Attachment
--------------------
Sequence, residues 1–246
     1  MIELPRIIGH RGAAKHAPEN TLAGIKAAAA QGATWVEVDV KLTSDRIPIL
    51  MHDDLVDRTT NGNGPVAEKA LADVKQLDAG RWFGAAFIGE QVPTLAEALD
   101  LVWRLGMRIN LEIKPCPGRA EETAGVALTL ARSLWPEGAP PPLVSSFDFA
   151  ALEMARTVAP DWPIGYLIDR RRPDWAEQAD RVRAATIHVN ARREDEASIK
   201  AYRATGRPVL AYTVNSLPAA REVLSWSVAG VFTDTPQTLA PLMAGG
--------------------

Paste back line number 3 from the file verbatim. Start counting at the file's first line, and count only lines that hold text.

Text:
    51  MHDDLVDRTT NGNGPVAEKA LADVKQLDAG RWFGAAFIGE QVPTLAEALD